6. No-one here is talking about joyless anti-smokers, don't resort to knocking down strawmen. We're talking about normal non-smokers, the vast majority of whom hate breathing in cigarette smoke and actively avoid it. Google surveys of non-smokers if you don't believe me.


      "And the fact that there has been no resurgence in the pub trade following the ban (indeed, the exact opposite) gives the lie to the view that there was a huge reserve army of non-smokers eager to visit once smoking in pubs had been outlawed."

      Except of course, no it doesn't, because correlation doesn't equal causation. The pub trade was failing fast anyway, and there is no evidence to suggest that it wouldn't have failed even faster without the smoking ban.


      "The 80% of people who didn’t smoke didn’t go to pubs because of the smoke but because they did not like pubs" is a bizarre, spurious assertion with zero empirical evidence or basis in reality. You accuse me of anecdotal evidence, but this kind of bald, unfounded, evidence-free assertion is far worse.

      Delete
    7. But normal non-smokers (like me) did go to pubs in large numbers before the ban, and didn't start going in any greater numbers after the ban.

      Delete
    8. Well some did, although often under protest, and some didn't. You can't extrapolate from yourself to every non-smoker.

      Delete
    9. Well of course some non-smokers didn’t go to pubs because they were smoky and may well do so now but you said that the 80% of the population who did not smoke “were previously put off by the smokey (sic) atmosphere”. As it is no longer smoky, why are they not all in the pub if that was the only reason stopping them? If 80% of the population were kept out of pubs by the smoke alone there would have a resurgence in pubs following the ban despite any recession.

      Delete
    10. Who here said it was the ONLY reason stopping them? I certainly didn't. I just identified it as one factor amongst many. Resist the temptation to knock down strawmen.


      Delete
    11. So he answer to my question seems to be: no there is no real evidence that non smokers were put of going to the pub because of the smokee. Nor is there evidence to the contrary.

      Delete
  4. Good post, making some good points. The pub is a social space, even on your own; I will pop out for a pint or two on my own if my other half is watching something on TV I cannot bear- and I'll sit with a book or my phone, maybe a few words to staff or locals I know, but only a few words. I could sit in another room at home, but it is different in a pub, even if not talking. Hard to put your finger on it.

    As to the smoking ban, I can think of a couple of local pubs that were very poorly ventilated and so certainly put me off (as a non-smoker), and I frequent them much more since 2007, but that's just me and a few of my friends. The point about people just not liking pubs is very true though. I've said it before that old, traditional pubs with a smoke room seem like the best solution to me.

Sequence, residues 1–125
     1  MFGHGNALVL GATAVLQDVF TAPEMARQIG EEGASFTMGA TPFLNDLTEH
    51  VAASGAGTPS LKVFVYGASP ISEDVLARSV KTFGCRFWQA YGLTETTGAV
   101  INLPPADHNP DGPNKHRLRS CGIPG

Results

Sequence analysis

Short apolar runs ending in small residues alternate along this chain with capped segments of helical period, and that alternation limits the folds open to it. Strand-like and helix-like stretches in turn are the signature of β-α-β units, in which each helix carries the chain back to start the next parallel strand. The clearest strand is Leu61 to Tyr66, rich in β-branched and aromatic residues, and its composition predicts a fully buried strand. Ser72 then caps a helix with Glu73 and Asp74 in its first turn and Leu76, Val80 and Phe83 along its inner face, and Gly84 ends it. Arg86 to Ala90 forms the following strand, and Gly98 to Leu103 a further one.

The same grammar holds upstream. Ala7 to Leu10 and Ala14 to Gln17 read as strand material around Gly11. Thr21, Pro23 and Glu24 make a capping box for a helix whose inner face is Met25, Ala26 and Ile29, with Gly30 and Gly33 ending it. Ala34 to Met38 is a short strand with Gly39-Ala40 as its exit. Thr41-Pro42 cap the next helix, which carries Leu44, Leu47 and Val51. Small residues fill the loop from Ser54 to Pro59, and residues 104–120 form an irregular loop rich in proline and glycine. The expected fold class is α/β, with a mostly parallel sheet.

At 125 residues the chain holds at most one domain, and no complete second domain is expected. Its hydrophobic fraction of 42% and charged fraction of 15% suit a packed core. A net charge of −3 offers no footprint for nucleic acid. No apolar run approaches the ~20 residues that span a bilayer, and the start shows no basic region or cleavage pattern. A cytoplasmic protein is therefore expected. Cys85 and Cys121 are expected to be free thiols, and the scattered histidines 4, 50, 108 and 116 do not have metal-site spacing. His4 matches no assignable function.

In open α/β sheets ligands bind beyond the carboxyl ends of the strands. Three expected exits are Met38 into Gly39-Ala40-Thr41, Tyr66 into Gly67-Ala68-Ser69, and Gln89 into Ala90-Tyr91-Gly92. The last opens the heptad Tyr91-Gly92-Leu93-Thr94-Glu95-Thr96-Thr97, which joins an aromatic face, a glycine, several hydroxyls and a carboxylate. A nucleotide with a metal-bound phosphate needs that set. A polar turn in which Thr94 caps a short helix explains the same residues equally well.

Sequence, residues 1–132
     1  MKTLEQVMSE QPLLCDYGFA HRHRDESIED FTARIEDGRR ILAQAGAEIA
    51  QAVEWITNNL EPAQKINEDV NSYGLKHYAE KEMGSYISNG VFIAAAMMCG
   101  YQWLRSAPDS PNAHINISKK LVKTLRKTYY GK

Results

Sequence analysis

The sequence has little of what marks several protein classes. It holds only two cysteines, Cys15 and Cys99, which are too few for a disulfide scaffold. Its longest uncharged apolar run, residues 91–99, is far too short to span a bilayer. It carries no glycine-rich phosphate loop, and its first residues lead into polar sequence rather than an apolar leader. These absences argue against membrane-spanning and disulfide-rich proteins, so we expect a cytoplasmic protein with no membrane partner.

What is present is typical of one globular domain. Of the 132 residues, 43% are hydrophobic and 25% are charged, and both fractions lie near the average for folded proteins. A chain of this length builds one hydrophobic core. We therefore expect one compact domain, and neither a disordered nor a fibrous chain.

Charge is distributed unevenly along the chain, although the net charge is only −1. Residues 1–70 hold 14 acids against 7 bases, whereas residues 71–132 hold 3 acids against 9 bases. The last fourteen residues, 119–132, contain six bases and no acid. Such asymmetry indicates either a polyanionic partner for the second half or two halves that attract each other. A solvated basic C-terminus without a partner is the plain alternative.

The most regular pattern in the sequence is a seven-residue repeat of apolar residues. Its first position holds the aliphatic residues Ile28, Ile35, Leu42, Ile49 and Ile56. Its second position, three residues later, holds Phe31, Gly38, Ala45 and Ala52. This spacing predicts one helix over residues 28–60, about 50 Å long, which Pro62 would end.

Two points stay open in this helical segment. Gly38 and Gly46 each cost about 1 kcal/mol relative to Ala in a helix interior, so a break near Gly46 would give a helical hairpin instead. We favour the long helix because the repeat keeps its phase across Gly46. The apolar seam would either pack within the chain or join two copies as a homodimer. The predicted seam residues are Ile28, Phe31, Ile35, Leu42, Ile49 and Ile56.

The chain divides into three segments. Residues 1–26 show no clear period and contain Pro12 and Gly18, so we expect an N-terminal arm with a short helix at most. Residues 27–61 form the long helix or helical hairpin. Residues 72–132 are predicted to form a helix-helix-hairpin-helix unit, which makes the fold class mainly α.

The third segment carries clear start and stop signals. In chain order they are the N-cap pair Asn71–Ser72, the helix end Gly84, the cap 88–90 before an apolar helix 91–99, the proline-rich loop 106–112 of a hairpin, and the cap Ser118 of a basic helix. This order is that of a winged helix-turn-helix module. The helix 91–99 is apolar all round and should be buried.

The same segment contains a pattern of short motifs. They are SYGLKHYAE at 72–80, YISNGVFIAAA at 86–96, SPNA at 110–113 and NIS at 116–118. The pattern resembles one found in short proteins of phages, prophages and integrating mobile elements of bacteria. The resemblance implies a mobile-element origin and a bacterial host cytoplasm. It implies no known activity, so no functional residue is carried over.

ReplyDelete
  5. Couple of comments on this thread immediately spring to mind.
    On the typical Wetherspoon design and layout. Can't see TM changing that much, as the pubs are bidding for three entirely different groups of customers: the old(er) boys and girls; the cheap eat families (mostly weekends and school holidays); and financially challenged yoof. Anyone who has been into their pubs knows there is a complete and total change over of clientele between 5 and 7 o'clock every day. Therefore Wetherspoon has gone for a compromise design, that is probably not the ideal for anyone, but one all those markets can tolerate.
    On smoking: am very much in the minority in my circle as a smoker, but with a few exceptions (which remember because they were such exceptions) very rarely did any of the non-smokers have any worries or objections about pubs because they were "too smoky". Is there any actual evidence that masses of previous non pub goers suddenly began flocking to pubs because smoking was excluded? Given the closure rate, it would seem hard to argue they have been significant. Certainly not significant enough.
    One shouldn't argue from singular anecdotal evidence... which is an obvious prelude to an example of exactly that ;-). Was spending a weekend in Shrewsbury in 2004, three years before the ban came in. A pub, right in the centre of town, had decided to institute its own complete ban, which had by then been running for around six months. Surely it would be packed with all those folks only deterred from their love of the institution by horrible smoke - especially as it was the only one. It did what appeared to be (we didn't eat there) decent food options, and the beer options were a good standard. We did half a dozen pubs around the centre over the weekend. All were pretty busy, a couple packed, except that one, which had 3 (THREE) customers when we called in (had one drink, and left). A few months later picked up a piece on the Net about how the landlord had reversed the decision. He wasn't very gracious about it, I recall, saying how he'd created this great smoke free atmosphere... and nobody came. A few years later, when the smoking ban in pubs advocates were peddling the 'millions of new customers will the thronging to pubs' line as part of their argument, I did remember that pub.